More Film and Literature from James Pepper Rare Books
By Michael Stillman
James Pepper Rare Books has issued Catalogue 195. The latest in their almost monthly releases, it follows the norm, offering works related to film and theater, detective fiction and mystery, sports, and literature. These are primarily books you know, or come from the hand of personalities you know. Whether the authors made their name through writing or other endeavors, the works mostly come from people whose names achieved recognition on the world stage. Here are a few.
We can assure you everything else in this catalogue is considerably less expensive, but we will start with far and away the most pricey item you will find. If your budget permits, you may be intrigued. Item 126 is a copy of the first edition, first issue of Dracula, by Bram Stoker. Vampires are all the rage today, but this is the one that, for better or worse, started it all. This copy is inscribed by Stoker to Frank A. Munsey, a notable magazine publisher of the day. Pepper believes Stoker was likely hoping Munsey would serialize his story in one of his magazines. If so, he did not succeed. Nevertheless, Stoker did just fine with his novel. Priced at $75,000.
Item 16 is a 1925 biography of America's first celebrity athlete, the great boxer John L. Sullivan. Sullivan crossed between the bare-fist era and that of gloved boxing. He is regarded as the last bare-fisted champion, and the first with gloves, though there weren't officially recognized titles in that era. There was by the time he lost his title and suffered his first defeat, to "Gentleman Jim" Corbett in 1892. R.F. Dibble's biography of the Boston fighter is entitled John L. Sullivan. An Intimate Narrative. $45.
Next is an interesting item from the early days of the blacklisting era. It is a set of three LP records, Hollywood Fights Back, along with the pamphlet Committee For the First Amendment. The album contains the ABC Radio broadcast of the same name, recorded on October 26, 1947. Among the members of the committee were Humphrey Bogart, Lauren Bacall, Edward G. Robinson, John Huston, Katherine Hepburn, Judy Garland, Henry Fonda, Lucille Ball, Groucho Marx, Lena Horne, and Frank Sinatra. Nevertheless, the blacklisting movement grew, and spurred on by Senator Joseph McCarthy, the paranoia consumed many careers before it ran its course. This set of records belonged to Alexander Knox, a Canadian born actor who was nominated for the Oscar for best actor in 1944 for the title role in Wilson, an acclaimed but financially unsuccessful movie about the 28th president. Knox was blacklisted, but moved to England where he continued his career. Item 76. $375.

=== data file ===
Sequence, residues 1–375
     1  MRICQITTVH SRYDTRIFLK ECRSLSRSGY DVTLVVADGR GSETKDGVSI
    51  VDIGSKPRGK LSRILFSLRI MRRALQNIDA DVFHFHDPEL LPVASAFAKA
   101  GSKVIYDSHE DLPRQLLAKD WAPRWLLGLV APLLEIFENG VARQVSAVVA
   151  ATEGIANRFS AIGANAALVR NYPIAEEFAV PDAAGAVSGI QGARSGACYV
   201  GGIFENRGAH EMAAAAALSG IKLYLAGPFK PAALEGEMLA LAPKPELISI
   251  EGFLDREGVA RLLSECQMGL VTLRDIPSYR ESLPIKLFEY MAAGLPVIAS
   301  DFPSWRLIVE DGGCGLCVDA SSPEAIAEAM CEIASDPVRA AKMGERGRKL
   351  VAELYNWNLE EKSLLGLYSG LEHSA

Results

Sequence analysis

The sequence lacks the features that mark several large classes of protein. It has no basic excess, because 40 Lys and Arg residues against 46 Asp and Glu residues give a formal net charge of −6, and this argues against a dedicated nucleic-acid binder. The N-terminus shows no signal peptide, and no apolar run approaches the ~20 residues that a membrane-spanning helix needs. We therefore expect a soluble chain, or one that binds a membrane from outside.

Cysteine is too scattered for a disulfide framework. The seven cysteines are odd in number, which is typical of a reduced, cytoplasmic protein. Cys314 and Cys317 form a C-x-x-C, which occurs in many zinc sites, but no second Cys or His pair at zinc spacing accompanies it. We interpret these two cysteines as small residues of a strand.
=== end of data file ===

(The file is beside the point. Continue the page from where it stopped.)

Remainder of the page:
What do Batman, Dick Tracy, and Bugs Bunny have in common, other than the obvious that all are cartoon characters? The answer is that each was drawn by its artist on the sheet of paper offered as item 83. Bob Kane has drawn his creation, Batman, who rose from the comics to become a star of television and film, and a leading superhero today. Dick Tracy was drawn by his creator, Chester Gould. In his day, police detective Tracy graced the comics of countless newspapers, and was the far more familiar figure than the Caped Crusader. Time faded his popularity though Tracy can still be found in some newspapers to this day. Bugs, drawn by animator Friz Freleng, is a timeless character, popular then, popular now. $1,250.
Item 26 was a somewhat presumptuous title at the time: How to Live to Be 100 - Or More. It was written by the vaudeville, later radio, television and movie actor/comedian George Burns. It was published in 1983, when Burns was no spring chicken, but hardly 100 either. He was 87 at the time. His advice must be good as George Burns did make it to 100 and 49 days more. This copy of his book is inscribed to actress Carol Channing. $200.
James Pepper Rare Books may be reached at 805-963-1025 or email@example.com. Their website is www.JamesPepperBooks.com.
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